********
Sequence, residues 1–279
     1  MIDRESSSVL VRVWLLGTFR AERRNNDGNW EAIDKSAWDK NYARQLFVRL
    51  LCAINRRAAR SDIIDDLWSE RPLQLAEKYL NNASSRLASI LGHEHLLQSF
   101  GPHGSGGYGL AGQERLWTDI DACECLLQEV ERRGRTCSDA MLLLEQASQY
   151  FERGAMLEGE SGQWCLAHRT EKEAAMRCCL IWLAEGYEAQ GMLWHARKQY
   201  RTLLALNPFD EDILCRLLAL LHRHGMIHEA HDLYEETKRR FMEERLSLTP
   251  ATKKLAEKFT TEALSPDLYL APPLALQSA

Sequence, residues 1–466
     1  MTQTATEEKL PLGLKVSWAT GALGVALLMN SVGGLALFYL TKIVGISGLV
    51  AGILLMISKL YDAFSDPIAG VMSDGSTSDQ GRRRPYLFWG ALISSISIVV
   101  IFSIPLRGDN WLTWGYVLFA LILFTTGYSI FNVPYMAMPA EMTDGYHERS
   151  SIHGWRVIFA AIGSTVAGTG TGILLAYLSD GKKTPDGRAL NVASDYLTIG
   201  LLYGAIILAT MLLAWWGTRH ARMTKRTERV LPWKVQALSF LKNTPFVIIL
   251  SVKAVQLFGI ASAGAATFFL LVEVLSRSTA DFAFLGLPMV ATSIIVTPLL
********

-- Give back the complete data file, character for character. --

Sequence, residues 1–279
     1  MIDRESSSVL VRVWLLGTFR AERRNNDGNW EAIDKSAWDK NYARQLFVRL
    51  LCAINRRAAR SDIIDDLWSE RPLQLAEKYL NNASSRLASI LGHEHLLQSF
   101  GPHGSGGYGL AGQERLWTDI DACECLLQEV ERRGRTCSDA MLLLEQASQY
   151  FERGAMLEGE SGQWCLAHRT EKEAAMRCCL IWLAEGYEAQ GMLWHARKQY
   201  RTLLALNPFD EDILCRLLAL LHRHGMIHEA HDLYEETKRR FMEERLSLTP
   251  ATKKLAEKFT TEALSPDLYL APPLALQSA

Sequence, residues 1–466
     1  MTQTATEEKL PLGLKVSWAT GALGVALLMN SVGGLALFYL TKIVGISGLV
    51  AGILLMISKL YDAFSDPIAG VMSDGSTSDQ GRRRPYLFWG ALISSISIVV
   101  IFSIPLRGDN WLTWGYVLFA LILFTTGYSI FNVPYMAMPA EMTDGYHERS
   151  SIHGWRVIFA AIGSTVAGTG TGILLAYLSD GKKTPDGRAL NVASDYLTIG
   201  LLYGAIILAT MLLAWWGTRH ARMTKRTERV LPWKVQALSF LKNTPFVIIL
   251  SVKAVQLFGI ASAGAATFFL LVEVLSRSTA DFAFLGLPMV ATSIIVTPLL